Principal’s Awards Reception 2015

group of adults with awards smile at the camera
Thursday, December 3, 2015 - 12:18pm
Blake Eligh

A commitment to excellence was recognized Nov. 30 at the 2015 Principal’s Awards Reception Nov. 30 in the Faculty Club. Ulli Krull, acting vice-president of U of T and principal of U of T Mississauga, joined students and colleagues in celebrating staff and faculty recipients for their contributions to teaching, research and staff service at the university.

Krull congratulated the winners, lauding them for their commitment to learning and outstanding work at UTM. “These individuals are chosen by their peers, ” Krull told the audience. “It’s a selection of our heroes and the ideals we strive for here at UTM.”

Excellent teachers are created, in part, by their students, Krull said. “You develop your teaching style and those communication skill by paying close attention to the audience receiving that information and adapting to what that audience needs to succeed,” he said. “That’s really what distinguishes a great teacher—responding to what the outcome needs to be, and adapting to create that outcome. “

Language studies professor Katherine Rehner was recognized for her progressive approach to pedagogy. “Her passion for teaching and understanding the student learning process is evident and unparalled,” said department chair Emmanuel Nikiema, noting Rehner’s dedication to peer-based learning and encouragement of critical thinking in her classroom.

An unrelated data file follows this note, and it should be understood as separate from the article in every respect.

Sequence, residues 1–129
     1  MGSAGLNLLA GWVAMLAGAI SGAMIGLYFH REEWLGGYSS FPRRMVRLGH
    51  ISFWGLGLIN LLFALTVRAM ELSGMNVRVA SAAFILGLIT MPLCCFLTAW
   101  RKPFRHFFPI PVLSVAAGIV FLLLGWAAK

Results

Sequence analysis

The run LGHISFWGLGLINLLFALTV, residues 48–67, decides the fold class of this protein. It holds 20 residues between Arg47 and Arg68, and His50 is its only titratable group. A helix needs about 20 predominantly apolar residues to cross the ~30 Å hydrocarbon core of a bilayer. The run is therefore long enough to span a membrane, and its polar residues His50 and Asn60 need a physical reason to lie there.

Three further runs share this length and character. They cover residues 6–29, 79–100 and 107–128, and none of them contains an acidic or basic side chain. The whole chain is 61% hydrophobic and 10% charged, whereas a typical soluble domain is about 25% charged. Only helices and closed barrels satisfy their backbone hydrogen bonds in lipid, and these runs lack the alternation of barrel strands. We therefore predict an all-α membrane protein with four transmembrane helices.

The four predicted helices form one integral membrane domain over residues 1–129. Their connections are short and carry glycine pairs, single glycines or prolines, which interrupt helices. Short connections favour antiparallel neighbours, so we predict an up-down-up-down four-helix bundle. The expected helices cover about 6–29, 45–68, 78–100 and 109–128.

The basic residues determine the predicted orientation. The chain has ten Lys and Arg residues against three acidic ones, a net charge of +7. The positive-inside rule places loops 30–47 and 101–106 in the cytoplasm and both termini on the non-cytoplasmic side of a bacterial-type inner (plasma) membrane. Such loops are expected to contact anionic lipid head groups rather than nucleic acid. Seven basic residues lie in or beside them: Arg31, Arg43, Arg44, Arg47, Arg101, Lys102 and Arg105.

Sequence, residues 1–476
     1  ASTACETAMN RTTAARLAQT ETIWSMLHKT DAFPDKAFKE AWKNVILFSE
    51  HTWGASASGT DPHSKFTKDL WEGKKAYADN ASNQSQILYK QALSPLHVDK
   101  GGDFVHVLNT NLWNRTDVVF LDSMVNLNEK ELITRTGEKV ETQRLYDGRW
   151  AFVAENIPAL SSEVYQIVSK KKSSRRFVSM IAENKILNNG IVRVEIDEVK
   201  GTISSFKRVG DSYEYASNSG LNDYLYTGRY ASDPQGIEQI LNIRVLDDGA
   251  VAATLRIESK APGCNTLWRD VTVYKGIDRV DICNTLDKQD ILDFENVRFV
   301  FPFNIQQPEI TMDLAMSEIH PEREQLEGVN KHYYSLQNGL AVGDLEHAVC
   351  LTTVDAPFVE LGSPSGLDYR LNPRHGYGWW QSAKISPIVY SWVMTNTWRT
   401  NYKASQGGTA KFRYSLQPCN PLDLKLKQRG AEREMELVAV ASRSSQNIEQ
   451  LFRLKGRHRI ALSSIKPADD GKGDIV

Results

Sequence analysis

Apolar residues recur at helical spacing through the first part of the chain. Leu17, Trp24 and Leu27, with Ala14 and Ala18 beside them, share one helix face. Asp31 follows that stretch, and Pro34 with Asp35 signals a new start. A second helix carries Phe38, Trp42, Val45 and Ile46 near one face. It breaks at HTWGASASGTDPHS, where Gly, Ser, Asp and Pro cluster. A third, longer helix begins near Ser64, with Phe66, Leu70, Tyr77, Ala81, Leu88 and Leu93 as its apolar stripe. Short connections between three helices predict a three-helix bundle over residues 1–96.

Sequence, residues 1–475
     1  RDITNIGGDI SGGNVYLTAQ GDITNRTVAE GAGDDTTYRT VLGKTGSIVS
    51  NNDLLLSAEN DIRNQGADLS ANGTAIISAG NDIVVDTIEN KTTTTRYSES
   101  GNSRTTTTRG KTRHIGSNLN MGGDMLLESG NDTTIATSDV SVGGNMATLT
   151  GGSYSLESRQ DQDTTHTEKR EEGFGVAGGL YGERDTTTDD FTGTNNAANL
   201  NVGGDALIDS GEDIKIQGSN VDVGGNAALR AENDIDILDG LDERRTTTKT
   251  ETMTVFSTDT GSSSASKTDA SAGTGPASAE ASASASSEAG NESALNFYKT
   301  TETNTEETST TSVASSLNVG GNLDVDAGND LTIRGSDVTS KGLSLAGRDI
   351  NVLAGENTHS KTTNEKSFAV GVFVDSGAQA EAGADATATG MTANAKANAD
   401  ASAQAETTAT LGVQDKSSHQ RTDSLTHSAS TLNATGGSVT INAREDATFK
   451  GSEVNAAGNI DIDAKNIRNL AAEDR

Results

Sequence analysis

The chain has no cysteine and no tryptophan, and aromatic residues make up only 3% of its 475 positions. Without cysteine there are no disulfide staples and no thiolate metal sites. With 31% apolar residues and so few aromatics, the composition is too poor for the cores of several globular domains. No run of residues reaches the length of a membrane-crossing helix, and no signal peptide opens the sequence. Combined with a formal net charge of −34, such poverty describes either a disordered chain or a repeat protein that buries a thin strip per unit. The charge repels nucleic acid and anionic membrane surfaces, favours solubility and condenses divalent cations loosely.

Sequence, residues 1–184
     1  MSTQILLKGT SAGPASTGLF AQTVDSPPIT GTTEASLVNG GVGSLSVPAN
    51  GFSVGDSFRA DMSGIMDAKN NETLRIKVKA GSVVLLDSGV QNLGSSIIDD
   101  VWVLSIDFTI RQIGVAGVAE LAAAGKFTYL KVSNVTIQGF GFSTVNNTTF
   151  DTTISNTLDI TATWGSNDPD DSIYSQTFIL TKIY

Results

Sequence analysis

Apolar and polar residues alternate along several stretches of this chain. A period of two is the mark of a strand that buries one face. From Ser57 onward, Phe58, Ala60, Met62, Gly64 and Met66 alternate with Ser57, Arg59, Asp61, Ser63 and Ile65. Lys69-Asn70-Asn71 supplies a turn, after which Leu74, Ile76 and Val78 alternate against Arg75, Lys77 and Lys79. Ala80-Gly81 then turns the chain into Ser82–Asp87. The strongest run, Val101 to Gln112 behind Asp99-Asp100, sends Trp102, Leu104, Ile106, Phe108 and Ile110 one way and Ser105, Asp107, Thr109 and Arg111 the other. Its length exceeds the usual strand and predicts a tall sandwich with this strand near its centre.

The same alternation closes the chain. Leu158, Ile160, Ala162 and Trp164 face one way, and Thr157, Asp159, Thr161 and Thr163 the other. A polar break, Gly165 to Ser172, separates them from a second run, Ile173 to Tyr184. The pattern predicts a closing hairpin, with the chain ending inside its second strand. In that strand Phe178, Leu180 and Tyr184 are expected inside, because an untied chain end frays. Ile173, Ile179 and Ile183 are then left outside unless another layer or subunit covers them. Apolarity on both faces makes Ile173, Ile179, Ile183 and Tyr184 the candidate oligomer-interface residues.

Psychology professor Robert Gerlai and philosophy professor Diana Raffman were recognized for excellence in research. “When we think about the Research Excellence Award, we recognize those who have taken a big step from creativity towards innovation,” Krull said. “Virtually everyone is creative, but innovation happens when a creative idea is translated into something that is practical and useful for someone. There is a community of scholars who are using the innovative ideas to build and push forward their own work.”

Raffman was recognized for her philosophical research on diverse topics, including music, the concept of vagueness, and her influential work on perception and consciousness.

Gerlai noted that a recent trip to Brazil had revealed the far-reaching impact of research. “Students at other institutions learn from our publications and continue where we left off,” Gerlai said. “Our work makes a difference for them and for the wider scientific community. This is what motivates me, and invigorates me.”

While the work of Gerlai and Raffman is internationally significant in their impact, Krull noted that excellence was also evident closer to home. Samantha Mahabir and Jade Attallah were recognized for excellence in their work as teaching assistants. “They’ve asked themselves what they can do to make an educational experience exciting and fulfilling. Today, we celebrate two teaching assistants who have really done that well,” Krull said.

Visual studies undergraduate counselor Stephanie Sullivan was presented with a staff service award. “Steph is, without a doubt, a ‘student whisperer’ and proactive counsellor who listens to students and anticipates their needs,” said department chair Alison Syme. “She has profoundly touched students lives and enabled their success. Students feel safe talking to Steph. They know she is there to support them, even though she holds them to the highest standards. That trust is shared by staff and faculty.”